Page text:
|Statue of a raven on the grounds of the Edgar Allan Poe National Historic Site in Philadelphia, PA|
by Midnightdreary via Wikimedia Commons
Ravens are birds that have been a part of many mythologies. They were companions to the Norse god Odin. Native Americans thought of them as tricksters. And almost everyone knows that "Nevermore" raven in Edgar Allan Poe’s famous poem by that name.
But the real life raven is one of several larger-bodied species of the genus Corvus. There is no consistent distinction between "crows" and "ravens", and these names have been assigned to different species chiefly on the basis of their size. Crows are generally considered smaller than ravens, and the largest raven species are the common raven and the thick-billed raven.
The common raven, Corvus corax, has the widest distribution of any of the Corvidae family that includes crows, jays, nutcrackers, magpies and related birds such as rooks, jackdaws, and choughs. It is also the largest and heaviest of the passerines, or perching birds. And you may have heard that it is also one of the smartest birds.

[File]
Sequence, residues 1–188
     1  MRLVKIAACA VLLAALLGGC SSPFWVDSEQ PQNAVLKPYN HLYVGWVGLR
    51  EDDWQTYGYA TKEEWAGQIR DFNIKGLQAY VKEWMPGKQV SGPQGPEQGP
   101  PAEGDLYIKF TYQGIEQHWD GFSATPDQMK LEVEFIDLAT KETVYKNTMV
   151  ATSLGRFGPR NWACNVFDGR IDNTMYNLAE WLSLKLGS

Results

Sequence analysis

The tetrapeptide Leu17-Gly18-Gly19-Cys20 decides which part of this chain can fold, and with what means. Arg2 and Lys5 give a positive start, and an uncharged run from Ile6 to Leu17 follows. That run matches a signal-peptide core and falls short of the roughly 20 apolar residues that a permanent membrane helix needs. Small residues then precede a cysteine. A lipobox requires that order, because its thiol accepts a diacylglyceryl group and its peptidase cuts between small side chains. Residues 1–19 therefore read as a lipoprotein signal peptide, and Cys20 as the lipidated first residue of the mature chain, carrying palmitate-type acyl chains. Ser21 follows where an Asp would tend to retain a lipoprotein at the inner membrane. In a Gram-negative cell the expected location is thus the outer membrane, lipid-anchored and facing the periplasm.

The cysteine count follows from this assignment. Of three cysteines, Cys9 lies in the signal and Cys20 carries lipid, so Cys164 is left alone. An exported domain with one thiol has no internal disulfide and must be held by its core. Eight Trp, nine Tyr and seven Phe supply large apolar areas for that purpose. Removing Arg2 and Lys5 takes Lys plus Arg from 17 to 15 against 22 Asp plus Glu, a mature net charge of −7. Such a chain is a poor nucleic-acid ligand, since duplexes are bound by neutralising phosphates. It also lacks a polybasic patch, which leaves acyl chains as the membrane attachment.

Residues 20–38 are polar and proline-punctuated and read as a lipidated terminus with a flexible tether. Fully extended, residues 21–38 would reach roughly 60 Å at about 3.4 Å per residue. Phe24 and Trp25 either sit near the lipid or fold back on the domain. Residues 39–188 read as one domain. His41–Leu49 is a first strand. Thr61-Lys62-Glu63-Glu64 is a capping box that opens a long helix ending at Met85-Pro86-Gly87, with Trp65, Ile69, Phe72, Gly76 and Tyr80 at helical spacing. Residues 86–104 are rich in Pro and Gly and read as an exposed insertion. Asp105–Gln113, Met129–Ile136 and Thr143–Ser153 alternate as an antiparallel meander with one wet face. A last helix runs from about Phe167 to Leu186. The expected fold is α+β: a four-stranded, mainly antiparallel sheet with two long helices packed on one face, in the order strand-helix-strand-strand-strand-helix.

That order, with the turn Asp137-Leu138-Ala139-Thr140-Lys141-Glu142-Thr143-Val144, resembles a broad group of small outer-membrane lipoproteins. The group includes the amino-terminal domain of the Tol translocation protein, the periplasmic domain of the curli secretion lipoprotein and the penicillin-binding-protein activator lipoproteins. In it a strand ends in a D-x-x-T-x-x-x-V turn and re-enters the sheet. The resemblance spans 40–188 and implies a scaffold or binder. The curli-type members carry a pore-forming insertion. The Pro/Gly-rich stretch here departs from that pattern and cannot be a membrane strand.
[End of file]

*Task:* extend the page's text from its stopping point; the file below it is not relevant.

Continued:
Have you seen ravens in New Jersey? They were once numerous in our state. They disappeared as a nesting bird in New Jersey in the 1920s. But in the early 1990s they began to breed once more in NJ and their numbers have been increasing ever since.
If you are curious about our Jersey ravens, the Wednesday, January 10 meeting of the Montclair Bird Club will feature “Return of the Raven,” presented by writer and environmental consultant Rick Radis. He will cover the historic status of the common raven in eastern North America, its return and its present status. Rick Radis is a past editor of NJ Birds, NJ Audubon Magazine and other conservation publications. His writing, editorial and photography have appeared in the New York Times, TNY, and many other national and regional publications.
The club's meeting on Jan. 10 begins at 7:30 p.m. at the Union Congregational Church in Montclair. The meeting is free and open to the public.
By Stephencdickson - Own work, CC BY-SA 4.0, Link